Isaiah Berlin

Hannah Arendt and Isaiah Berlin

Two of the most iconic thinkers of the twentieth century, Hannah Arendt (1906-1975) and Isaiah Berlin (1909-1997) fundamentally disagreed on central issues in politics, history and philosophy. In spite of their overlapping lives and experiences as Jewish émigré intellectuals, Berlin disliked Arendt intensely, saying that she represented "everything that I detest most," while Arendt met Berlin's hostility with indifference and suspicion. Written in a lively style, and filled with drama, tragedy and passion, Hannah Arendt and Isaiah Berlin tells, for the first time, the full story of the fraught relationship between these towering figures, and shows how their profoundly different views continue to offer important lessons for political thought today.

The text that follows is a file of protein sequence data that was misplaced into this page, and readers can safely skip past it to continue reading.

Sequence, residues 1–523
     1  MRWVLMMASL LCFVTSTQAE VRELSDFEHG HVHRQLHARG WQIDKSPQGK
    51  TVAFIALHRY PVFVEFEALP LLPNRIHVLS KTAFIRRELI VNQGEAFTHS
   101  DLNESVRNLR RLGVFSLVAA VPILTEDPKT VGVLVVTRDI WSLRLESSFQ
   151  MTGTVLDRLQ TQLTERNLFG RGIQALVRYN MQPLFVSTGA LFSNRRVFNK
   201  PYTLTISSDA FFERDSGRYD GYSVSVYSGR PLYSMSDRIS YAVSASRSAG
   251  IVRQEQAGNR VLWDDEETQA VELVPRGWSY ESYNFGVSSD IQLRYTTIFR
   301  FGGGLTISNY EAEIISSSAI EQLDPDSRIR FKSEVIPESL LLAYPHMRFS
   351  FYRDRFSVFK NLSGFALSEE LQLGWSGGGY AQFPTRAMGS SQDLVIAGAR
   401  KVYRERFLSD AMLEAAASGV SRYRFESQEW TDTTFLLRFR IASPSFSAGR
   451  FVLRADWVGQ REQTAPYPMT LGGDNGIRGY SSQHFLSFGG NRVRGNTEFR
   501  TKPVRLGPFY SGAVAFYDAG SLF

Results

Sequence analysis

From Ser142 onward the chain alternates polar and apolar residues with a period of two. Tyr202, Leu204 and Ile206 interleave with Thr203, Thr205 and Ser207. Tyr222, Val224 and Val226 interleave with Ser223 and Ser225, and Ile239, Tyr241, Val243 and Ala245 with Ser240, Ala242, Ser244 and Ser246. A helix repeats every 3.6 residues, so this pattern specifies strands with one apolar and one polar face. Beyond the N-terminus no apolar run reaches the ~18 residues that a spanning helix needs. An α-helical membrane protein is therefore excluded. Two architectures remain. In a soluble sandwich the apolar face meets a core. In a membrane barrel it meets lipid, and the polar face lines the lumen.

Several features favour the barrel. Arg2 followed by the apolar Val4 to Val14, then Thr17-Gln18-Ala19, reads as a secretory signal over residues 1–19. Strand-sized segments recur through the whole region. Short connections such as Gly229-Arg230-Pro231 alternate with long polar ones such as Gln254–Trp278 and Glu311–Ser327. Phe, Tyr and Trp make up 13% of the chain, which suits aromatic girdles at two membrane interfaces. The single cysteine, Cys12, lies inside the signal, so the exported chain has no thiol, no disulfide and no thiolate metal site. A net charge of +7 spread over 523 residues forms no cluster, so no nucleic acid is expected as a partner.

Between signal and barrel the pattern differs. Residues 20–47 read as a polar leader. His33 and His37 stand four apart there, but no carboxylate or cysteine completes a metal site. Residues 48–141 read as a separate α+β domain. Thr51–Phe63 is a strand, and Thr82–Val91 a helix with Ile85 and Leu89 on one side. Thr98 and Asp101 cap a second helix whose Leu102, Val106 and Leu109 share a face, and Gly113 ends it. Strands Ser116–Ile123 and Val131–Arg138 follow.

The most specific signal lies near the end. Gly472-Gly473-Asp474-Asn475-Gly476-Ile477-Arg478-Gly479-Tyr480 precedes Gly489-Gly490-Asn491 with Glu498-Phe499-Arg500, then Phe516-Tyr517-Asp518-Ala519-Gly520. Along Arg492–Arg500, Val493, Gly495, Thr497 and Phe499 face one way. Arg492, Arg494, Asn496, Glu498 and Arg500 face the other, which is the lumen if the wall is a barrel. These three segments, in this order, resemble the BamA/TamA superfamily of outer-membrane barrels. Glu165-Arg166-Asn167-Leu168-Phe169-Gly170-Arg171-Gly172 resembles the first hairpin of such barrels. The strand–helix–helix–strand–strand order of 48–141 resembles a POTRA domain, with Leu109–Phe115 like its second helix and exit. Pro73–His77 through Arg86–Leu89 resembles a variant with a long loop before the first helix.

Capturing Genius: Editing Isaiah Berlin

Howard talks to Henry Hardy, Fellow of Wolfson College, University of Oxford, and the author of In Search of Isaiah Berlin: A Literary Adventure about the many joys—and occasional frustrations—of being the principal editor of one of the 20th century's most captivating public intellectuals. Howard Burton is the founder of...